Today was my day. I had done some keyboard research before we left home and picked out a few things that I thought might be interesting to see while we were in the area. Dan had been talking about hiking up “a mountain” ever since we left Basel but I said that we could do that on Saturday if he wanted. In fact, I said that he was in charge of our plans for Saturday – if a seven hour mountain hike was what he wanted, then he needed to plan it and make it happen. But today? Today was already worked out and we´d do what I wanted. Lucky for Dan, I like to plan out interesting things.
We rode the motorcycles out of Chiavenna and south to Lake Como. I recalled this valley when we rode north last fall, but it was nice to see it again, and in better weather. The ride was quick and gorgeous. Because of the list I had created, I planned a nice loop around the top half of Lake Como and I chose to start on the eastern shore. This way we would see the sun shine on the opposite shore as we traveled and we wouldn’t have to look into the sun while enjoying our scenery. It is the little things, right?
Leaving our neighborhood in Chiavenna
Bellano is a small town right on the lake´s edge. It was bustling this morning and we had to watch ourselves as we navigated to the heart of it. Pedestrians and cars filled the streets and sidewalks as I carefully followed the signs for our destination: Orrido de Torrente . We parked the bikes in an unofficial parking spot, locked our gear to the bikes and set out to see this natural wonder.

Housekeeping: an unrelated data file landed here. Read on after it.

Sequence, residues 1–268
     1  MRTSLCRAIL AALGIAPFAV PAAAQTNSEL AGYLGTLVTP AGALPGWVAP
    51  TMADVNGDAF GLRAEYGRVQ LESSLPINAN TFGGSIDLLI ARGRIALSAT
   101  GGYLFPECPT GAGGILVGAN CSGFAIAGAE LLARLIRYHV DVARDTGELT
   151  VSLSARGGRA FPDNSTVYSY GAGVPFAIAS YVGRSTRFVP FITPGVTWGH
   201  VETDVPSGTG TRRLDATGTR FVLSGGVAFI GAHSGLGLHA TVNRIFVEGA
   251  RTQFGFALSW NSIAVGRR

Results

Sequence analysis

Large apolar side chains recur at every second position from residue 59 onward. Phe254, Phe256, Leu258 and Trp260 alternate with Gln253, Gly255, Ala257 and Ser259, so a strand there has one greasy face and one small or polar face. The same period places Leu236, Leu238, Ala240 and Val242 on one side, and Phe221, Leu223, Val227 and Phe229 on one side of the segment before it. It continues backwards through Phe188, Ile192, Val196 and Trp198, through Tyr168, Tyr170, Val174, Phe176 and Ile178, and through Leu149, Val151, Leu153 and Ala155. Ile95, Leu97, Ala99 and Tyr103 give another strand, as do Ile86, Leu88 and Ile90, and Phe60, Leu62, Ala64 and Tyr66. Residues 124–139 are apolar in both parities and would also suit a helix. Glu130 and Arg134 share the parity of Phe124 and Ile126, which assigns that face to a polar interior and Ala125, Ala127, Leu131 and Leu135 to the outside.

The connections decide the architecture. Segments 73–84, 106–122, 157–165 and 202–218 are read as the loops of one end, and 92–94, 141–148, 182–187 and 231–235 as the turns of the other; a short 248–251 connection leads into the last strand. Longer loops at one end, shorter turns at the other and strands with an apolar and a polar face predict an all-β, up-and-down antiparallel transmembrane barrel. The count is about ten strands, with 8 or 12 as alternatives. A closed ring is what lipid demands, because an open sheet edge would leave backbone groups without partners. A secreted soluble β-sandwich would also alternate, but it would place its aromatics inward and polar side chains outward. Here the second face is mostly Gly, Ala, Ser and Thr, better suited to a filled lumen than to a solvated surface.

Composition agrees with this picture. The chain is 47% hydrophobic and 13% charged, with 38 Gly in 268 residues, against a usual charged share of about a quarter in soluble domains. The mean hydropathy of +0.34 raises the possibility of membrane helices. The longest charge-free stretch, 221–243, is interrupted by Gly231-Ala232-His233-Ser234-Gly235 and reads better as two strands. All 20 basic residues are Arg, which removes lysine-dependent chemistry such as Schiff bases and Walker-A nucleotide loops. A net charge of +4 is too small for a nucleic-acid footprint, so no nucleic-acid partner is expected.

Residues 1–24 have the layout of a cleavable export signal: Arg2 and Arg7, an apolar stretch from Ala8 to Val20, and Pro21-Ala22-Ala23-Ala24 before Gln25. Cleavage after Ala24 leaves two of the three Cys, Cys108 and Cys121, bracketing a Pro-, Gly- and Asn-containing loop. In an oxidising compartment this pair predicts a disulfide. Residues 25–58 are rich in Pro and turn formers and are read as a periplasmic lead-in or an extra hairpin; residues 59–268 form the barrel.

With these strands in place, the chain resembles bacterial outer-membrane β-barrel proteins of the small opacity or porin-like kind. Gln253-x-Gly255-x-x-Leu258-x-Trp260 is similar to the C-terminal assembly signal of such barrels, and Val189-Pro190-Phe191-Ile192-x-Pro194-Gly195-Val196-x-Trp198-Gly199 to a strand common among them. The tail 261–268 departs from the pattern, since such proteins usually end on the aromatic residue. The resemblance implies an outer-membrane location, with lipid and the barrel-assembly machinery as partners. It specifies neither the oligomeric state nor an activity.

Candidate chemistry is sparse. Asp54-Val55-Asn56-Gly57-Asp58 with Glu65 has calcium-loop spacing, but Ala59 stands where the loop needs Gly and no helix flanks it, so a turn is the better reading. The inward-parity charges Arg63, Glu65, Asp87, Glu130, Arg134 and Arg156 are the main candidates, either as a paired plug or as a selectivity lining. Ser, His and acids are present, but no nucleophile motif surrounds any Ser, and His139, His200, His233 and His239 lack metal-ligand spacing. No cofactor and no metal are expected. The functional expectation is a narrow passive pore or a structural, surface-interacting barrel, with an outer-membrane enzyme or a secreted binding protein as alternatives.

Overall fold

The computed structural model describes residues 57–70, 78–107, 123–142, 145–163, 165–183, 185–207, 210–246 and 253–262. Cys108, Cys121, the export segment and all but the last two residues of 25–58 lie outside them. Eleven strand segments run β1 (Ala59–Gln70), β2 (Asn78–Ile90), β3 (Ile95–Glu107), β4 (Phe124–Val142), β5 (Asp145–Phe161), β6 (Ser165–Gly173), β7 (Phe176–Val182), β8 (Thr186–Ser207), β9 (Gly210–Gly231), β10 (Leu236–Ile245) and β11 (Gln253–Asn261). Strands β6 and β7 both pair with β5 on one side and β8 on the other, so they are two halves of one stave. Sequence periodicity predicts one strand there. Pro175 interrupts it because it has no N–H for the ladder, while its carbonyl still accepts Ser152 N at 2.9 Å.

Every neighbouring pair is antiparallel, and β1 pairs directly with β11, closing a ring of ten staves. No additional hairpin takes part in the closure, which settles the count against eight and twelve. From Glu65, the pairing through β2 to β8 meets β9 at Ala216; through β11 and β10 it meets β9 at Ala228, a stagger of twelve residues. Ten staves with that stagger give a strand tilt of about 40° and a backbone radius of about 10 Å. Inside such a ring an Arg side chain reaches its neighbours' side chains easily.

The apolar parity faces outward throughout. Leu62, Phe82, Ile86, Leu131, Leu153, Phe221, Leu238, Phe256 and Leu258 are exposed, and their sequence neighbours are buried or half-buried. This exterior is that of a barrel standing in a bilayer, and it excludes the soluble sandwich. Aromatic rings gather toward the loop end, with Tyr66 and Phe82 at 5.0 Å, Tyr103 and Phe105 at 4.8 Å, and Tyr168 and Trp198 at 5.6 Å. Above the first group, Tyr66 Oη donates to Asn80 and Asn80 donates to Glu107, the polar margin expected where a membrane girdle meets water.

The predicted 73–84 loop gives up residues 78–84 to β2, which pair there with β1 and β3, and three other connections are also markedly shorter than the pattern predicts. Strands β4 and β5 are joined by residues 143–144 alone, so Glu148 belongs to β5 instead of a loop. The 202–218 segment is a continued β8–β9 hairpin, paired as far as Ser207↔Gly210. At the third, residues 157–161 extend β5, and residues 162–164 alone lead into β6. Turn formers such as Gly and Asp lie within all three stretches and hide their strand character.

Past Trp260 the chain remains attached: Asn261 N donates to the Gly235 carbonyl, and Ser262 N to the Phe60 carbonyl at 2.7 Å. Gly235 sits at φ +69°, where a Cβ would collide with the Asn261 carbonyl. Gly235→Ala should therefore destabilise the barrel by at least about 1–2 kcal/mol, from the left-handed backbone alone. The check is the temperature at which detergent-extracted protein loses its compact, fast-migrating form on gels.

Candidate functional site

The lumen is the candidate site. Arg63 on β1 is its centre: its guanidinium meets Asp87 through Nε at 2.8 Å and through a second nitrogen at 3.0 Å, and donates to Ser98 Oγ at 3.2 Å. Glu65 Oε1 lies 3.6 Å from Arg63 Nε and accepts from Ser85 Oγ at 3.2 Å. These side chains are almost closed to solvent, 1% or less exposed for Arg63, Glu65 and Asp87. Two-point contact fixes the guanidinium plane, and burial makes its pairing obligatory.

I think the guy on the plaque is blessing our bikes
The Orrido is a river gorge, cut deeply into the rock and exploited by the hydroelectric company. We paid a couple of Euros and started our exploration. They had built a walkway, high above the gorge, to give a great perspective of the rushing water below. The rock wall that the walkway was built into often overhung the walkway, making me hunch over in order to proceed further. I could see ahead of me how the timber boards of the path stuck out into the air; it is a good thing I have no fear of heights.
Dan, holding up the wall
It didn’t take long to see all that the gorge had to offer. We sauntered back towards the bikes, but only after being accosted by a young man asking for money. He needed to buy some medicine for his mother who is “in the hospital”. It didn’t ring true and we declined to help. We unlocked our gear from the bikes, which meant that we unlocked a combination lock that secures a long cable that has been run through the sleeves of our jackets and through part of the motorcycle. It is simple, easy and doesn’t take up much space. And it also ensures that our stuff is there when we return.